Valls denies pay, benefit freeze are austerity package
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French Prime Minister Manuel Valls has denied that his freeze on benefits and public-sector pay are an "austerity package" but he faces criticism from the left of his party.
Earlier he was forced to promise to discuss the plan with Socialist MPs amid rumblings of discontent over the packages contents and the fact that the prime minister announced it to the media before facing his own party's parliamentary representatives.
Left-wing Socialist Christian Paul threatened rebellion in the ranks if no changes are made to the package.
"We were not elected to organise a reduction in the spending power of pensioners, civil servants and workers who depend on social benefits," he said.
The Socialist Party's new national secretary, Christophe Cambadélis promised that the parliamentary group would discuss the package but insisted that they must vote for it.
"You don't add crisis to a crisis," he said.
Criticism was even more blunt on the hard left.
"Valls is acting like Brussels's bailiff," said former presidential candidate and Left Front leader Jean-Luc Mélenchon.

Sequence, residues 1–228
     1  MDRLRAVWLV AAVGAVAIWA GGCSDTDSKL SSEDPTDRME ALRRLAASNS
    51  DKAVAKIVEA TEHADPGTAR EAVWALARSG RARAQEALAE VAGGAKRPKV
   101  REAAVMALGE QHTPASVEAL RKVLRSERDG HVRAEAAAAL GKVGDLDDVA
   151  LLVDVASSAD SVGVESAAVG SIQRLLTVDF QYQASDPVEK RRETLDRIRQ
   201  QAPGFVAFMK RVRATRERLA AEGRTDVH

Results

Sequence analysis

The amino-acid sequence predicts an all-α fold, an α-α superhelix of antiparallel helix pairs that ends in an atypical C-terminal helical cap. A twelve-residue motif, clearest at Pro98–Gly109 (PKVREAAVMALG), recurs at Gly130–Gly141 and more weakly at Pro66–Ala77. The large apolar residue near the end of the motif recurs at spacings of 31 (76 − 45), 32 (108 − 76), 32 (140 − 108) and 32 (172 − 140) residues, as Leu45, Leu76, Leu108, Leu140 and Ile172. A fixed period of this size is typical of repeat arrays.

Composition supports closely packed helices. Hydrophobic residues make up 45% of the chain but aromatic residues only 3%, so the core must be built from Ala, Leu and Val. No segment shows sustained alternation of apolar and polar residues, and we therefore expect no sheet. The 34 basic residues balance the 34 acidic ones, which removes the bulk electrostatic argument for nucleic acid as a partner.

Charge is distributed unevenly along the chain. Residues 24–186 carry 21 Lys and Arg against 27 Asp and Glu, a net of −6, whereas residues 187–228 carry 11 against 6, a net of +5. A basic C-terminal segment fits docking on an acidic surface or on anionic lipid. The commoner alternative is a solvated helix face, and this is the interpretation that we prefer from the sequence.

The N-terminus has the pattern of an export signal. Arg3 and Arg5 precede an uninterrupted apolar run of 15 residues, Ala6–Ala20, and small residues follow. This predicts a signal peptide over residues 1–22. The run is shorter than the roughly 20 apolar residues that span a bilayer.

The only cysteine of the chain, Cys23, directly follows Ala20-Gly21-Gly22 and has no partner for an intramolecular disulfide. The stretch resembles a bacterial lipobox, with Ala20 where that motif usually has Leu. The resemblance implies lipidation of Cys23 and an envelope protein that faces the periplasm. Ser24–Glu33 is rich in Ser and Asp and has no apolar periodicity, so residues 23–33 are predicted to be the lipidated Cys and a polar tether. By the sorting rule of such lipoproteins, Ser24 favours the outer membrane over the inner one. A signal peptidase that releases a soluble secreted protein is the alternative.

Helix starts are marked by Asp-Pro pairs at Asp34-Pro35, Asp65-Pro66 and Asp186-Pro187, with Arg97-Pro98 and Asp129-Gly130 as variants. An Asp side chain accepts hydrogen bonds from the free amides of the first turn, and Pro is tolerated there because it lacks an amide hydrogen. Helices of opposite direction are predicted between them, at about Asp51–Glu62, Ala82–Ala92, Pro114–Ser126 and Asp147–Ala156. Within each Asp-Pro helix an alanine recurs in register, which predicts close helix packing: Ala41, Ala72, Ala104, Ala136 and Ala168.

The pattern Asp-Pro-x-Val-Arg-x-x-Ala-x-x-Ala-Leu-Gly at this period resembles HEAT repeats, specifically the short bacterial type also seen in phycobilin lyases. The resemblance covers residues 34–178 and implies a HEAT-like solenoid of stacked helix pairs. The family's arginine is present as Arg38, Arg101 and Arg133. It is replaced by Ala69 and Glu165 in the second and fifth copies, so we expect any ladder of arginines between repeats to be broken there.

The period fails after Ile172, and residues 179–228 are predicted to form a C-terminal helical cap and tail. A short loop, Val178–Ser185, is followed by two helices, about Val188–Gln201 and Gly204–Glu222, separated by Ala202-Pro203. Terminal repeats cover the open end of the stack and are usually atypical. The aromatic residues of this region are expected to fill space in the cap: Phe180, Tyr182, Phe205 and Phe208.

His anti-EU tone was echoed on the far right.
"Millions of French people are going to suffer a collapse of their living standards because the government insists on obeying the EU on the euro," was the comment of Florian Philippot, vice-president of the Front National.
"That's no way to cut the deficit," exclaimed mainstream right-wing leader Jean-François Copé on Thursday.
The French economic model needs reforming along with the pension system, the UMP chief said, adding that social security spending should be cut and the 35-hour work week should be scrapped in the public sector.
More than 40 per cent of the savings envisaged - 21 billion euros - will come from cuts in social benefits and health care.
Another 18 billion euros is to be trimmed from government ministries and the remaining 11 billion will come from a rationalisation of local government, according to Valls.
Public spending currently accounts for 57 per cent of GDP and the national debt has risen from 50 per cent of annual output in 2002 to 93.5 per cent at the end of last year.
"We cannot afford to live beyond our means," Valls said. "And we have to break with this logic of debt, which is stealthily and gradually tying our hands. We have to reclaim our sovereignty."
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